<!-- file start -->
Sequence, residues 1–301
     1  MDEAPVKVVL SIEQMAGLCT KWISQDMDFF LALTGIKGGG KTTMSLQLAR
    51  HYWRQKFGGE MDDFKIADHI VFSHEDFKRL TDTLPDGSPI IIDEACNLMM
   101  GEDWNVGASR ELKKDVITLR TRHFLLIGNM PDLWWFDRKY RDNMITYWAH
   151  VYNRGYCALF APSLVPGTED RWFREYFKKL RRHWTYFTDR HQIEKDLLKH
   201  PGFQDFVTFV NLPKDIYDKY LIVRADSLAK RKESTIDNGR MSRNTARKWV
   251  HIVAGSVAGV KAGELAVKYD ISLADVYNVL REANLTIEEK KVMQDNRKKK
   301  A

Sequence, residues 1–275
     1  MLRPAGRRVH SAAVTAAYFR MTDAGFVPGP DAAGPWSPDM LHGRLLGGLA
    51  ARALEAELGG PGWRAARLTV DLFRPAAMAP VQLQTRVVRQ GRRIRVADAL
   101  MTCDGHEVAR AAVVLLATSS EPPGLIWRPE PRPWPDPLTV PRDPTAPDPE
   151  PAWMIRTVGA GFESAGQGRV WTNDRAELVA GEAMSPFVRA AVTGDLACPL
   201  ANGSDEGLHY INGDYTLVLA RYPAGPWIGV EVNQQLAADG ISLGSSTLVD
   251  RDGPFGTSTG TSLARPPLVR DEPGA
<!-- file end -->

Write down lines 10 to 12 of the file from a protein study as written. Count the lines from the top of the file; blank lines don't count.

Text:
     1  MLRPAGRRVH SAAVTAAYFR MTDAGFVPGP DAAGPWSPDM LHGRLLGGLA
    51  ARALEAELGG PGWRAARLTV DLFRPAAMAP VQLQTRVVRQ GRRIRVADAL
   101  MTCDGHEVAR AAVVLLATSS EPPGLIWRPE PRPWPDPLTV PRDPTAPDPE